I for one welcome our new robot overlords

Fantastic Adventures 1941 Jan cover A common theme in science fiction is the idea that robots will take over our world. This doesn't seem very likely, but suppose it were to happen. What would the first steps look like? How would we first begin to notice that it was happening?

In most if not all of these visions of the future, the machines are as intelligent as humans. Sometimes it's one intelligence, sometimes it's a robot society, sometimes it incorporates human intelligence in one form or another. But I don't know that I've seen a vision of the future in which machines are essentially in control, but without any human-like intelligence anywhere. If that sounds weird, well, maybe it is, but remember that smart as individual humans may sometimes be, en masse we are not noticeably more intelligent than, say, raccoons, apples, or escherischia coli. Looking at things in evolutionary terms, it's not at all clear that we must necessarily be "in control" in any meaningful sense. One could even argue that machines have already enlisted us to build more machines, to our own detriment. From sweatshops that force humans into machinelike repetitive labour, to mining that turns habitable land into moonscapes in order to build more machines, to factories that pour out long-lasting poisons while making machines, it sometimes seems like the machines are already running our lives. Of course, these are in some sense human systems, though they are not necessarily under the control of any individual human.

But what about more traditional machine domination? Well, machines are already in control of huge segments of our economy: algorithmic trading accounts for much of the stock market behaviour (73% of the volume of US trades, for example). These algorithms are each written by humans (though there are certainly many layers of abstraction underlying the code, so that it's possible that no single human understands a given algorithm), but their details are closely-held secrets, and since they are written by a number of competing interests, it's fair to say that their interactions are neither intended nor even understood by any human. If this unsettles you, join the club. But the efforts of various humans to change this have been stymied, possibly by the influx of large amounts of money of unclear origin into politics.

That's just the market, though, and you can argue that humans have been driven by uncontrolled market forces since long before the Dutch tulip mania. What about the classic robots-on-a-rampage? Well, many or even most of you reading this have a machine in front of you with a camera and microphone which can watch you, often without you noticing. It's been years since most people could be confident that their computer wasn't doing anything they didn't expect or didn't want. For the most part, though, our computers have rather limited ways of affecting our physical environment. They can order unwanted items, I suppose, but otherwise they're mostly limited to making noises and displaying things.

My Prusa Mendel RepRap (with RepRapped Filament Spool) Fortunately for the science-fictionness of the present, more and more people now have robots in their home. They vacuum, they clean pools, they — unnervingly — mow lawns (an autonomous machine wandering freely out of doors and equipped with a sharp rotating blade; what could go wrong?). There are an increasing number of sessile robots that can make a tremendous variety of objects, including copies of themselves.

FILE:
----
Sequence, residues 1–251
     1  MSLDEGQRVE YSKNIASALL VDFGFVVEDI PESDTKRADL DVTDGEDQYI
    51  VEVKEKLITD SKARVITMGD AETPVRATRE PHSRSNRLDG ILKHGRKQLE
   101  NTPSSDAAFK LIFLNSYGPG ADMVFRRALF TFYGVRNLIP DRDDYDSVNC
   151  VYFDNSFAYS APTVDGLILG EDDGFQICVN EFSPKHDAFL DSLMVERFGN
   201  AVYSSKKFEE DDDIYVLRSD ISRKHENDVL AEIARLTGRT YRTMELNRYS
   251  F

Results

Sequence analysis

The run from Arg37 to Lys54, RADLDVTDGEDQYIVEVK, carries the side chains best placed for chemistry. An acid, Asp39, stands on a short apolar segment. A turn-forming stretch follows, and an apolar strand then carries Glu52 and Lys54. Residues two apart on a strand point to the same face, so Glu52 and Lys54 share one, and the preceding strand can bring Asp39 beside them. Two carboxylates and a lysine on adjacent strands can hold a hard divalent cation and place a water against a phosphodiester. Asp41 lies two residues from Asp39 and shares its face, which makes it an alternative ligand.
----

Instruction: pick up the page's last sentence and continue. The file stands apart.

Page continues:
Flickr - The U.S. Army - iRobot PackBot Those are all modest household robots, though. We could throw them out, if we had to, and none of them (with the possible exception of the lawn mower) is particularly alarming. Fortunately, again, for the we-are-living-in-the-future, there are an increasing number of military robots. Some of them are for surveillance (there are even civilian flying surveillance robots), and some for things like bomb disposal. But there are also more alarming robots out there. The United States is waging a war in (and to some extent, against) Pakistan using primarily flying killer robots. They use them in combat and for assassinations (including of American citizens). Still, they're only killing people on the command of a human operator, so that shouldn't be too alarming. Except that the command centre — a building full of pasty-faced military nerds who fly these robots — has been infected by a computer virus. In fact, they've had the same virus for three years now, and they haven't been able to get rid of it in spite of heroic efforts. They don't know quite what the virus is supposed to do, but if it is intended to somehow hijack the robots, it wouldn't be the first virus intended to do such a thing.

Predator and Hellfire
In summary: machines control much of our economy, much of which is devoted to building more machines. We have machines watching and listening, and increasingly, free to move about or make more machines, in our homes. We also have a large number of armed military robots killing people. None of these is reliably under human control. So what would a machine takeover look like? And would we notice?

ETA: Not only are the killer robots virus-infested, the US military doesn't necessarily know what hardware is inside them. -A


mvc said...

wow, with a virus on those flying killer robots, none of us are safe. thanks for scaring the hell out of me.

Anne Archibald said...

Well, so far, the only observed effect is to log all keystrokes. Which sort of suggests a more Wikileaks kind of break-in: not exactly benign, but more interested in embarrassment than damage. The fact remains, though, that these computer-controlled killing machines can be infected by viruses and there's nothing their handlers can do about it. So how long until a hostile faction gets a nasty one through?